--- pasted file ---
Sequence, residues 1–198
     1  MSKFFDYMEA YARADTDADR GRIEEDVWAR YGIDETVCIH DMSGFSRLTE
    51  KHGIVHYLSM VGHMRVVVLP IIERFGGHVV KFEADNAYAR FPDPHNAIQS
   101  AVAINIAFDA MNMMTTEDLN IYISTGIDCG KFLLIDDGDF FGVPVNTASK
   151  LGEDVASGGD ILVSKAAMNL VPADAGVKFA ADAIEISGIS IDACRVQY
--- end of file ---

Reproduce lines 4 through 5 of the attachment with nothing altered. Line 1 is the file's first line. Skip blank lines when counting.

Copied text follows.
   101  AVAINIAFDA MNMMTTEDLN IYISTGIDCG KFLLIDDGDF FGVPVNTASK
   151  LGEDVASGGD ILVSKAAMNL VPADAGVKFA ADAIEISGIS IDACRVQY